Peer education brings a sense of achievement to a displaced family of three, and a social service to its community.
Zeina, 40, and Khouloud, 38, had fallen on hard times. The sisters are from Eastern Ghouta in Syria, and following a siege, fled to Lebanon, first Khouloud in 2014 then Zeina, who lost her eldest son in the war, the following year. Barely able to afford high rent prices in Beirut, the sisters tried to find work wherever they could, even resorting to taking their boys out of school so they could contribute financially.
Then, in 2017, things changed. While she set out for work, Zeina was introduced to the reproductive health and family planning sessions provided by UNFPA and its partner Makassed in Beirut. Curious about the sessions and intent on helping other women like her, she spoke to Khouloud and together, they decided that they would be trained as peer educators.
“There were challenges at first because not all women are open to the idea of taking these sessions – they didn’t want to take part because they didn’t know about reproductive health,” Zeina explains.
For many women, stigma around reproductive health issues and a lack of education means most are left in the dark.
“Many of them would have questions too but they couldn’t go to the hospital to ask,” Khouloud adds.
But with time, more and more women, as well as married couples, would sit for the sessions, which are also provided at a medical mobile unit in hard-to-reach areas in Beirut. Soon enough, the sisters saw a change in the women at the sessions: they became more aware of their reproductive rights and about access to contraception, and the dangers of early marriage. They became more communicative about their bodies and the importance of maternal health.
“We want to give as many sessions as possible so we can reach the highest number of women with the right information and sound decisions,” Khouloud says.
Her son, Mohammad, is 17 and is luckily still able to go to school. He too has been trained and has now become a peer-to-peer educator to young men his age.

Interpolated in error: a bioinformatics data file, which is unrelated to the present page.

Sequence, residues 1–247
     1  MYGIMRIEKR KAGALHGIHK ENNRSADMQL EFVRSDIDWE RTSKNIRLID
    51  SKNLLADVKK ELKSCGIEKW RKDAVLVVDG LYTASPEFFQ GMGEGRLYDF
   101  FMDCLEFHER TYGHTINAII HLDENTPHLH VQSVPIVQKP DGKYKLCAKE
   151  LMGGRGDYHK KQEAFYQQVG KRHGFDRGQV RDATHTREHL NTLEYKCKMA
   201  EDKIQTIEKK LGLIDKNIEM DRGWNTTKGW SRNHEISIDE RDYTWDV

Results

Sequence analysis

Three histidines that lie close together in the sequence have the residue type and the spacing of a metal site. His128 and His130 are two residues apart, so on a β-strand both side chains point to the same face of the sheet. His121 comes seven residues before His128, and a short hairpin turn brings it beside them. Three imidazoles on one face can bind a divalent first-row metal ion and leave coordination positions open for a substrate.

“The sessions have made me more informed and they’re raising awareness among men my age and older,” he says. “Most are too shy to ask adults the questions they have about reproductive health, but because I’m of the same age, they listen to me.”
Young men often lack knowledge on family planning and use of contraceptives. The peer-to-peer programme also helps them question current stereotypes about masculinity and risk-taking sexual behavior, as well as promote their understanding of girls’ and women’s rights.
Through peer educators, UNFPA and Makassed are providing sessions to men, women and adolescents in their communities on reproductive health including safe motherhood and family planning. In 2018, through the generous contribution of the Canadian government, they reached out to over 18,700 men, women and youth with information on sexual and reproductive health. 3,000 consultations were provided at the mobile medical unit and primary healthcare centers between January and June 2019.
“This program is extremely important and we want to keep taking part in it,” Khouloud says. “We are trying to give sessions to areas that are very neglected where they need this the most. We feel empowered to keep doing this for as long as we can.”